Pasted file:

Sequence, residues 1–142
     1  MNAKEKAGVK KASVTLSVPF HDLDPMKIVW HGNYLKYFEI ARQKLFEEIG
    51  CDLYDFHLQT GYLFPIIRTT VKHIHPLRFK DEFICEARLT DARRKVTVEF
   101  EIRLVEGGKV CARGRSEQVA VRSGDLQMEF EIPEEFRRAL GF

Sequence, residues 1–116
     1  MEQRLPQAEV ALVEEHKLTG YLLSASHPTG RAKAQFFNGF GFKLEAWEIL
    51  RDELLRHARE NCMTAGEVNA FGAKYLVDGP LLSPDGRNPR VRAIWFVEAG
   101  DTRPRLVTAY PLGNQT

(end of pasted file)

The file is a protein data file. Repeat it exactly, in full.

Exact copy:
Sequence, residues 1–142
     1  MNAKEKAGVK KASVTLSVPF HDLDPMKIVW HGNYLKYFEI ARQKLFEEIG
    51  CDLYDFHLQT GYLFPIIRTT VKHIHPLRFK DEFICEARLT DARRKVTVEF
   101  EIRLVEGGKV CARGRSEQVA VRSGDLQMEF EIPEEFRRAL GF

Sequence, residues 1–116
     1  MEQRLPQAEV ALVEEHKLTG YLLSASHPTG RAKAQFFNGF GFKLEAWEIL
    51  RDELLRHARE NCMTAGEVNA FGAKYLVDGP LLSPDGRNPR VRAIWFVEAG
   101  DTRPRLVTAY PLGNQT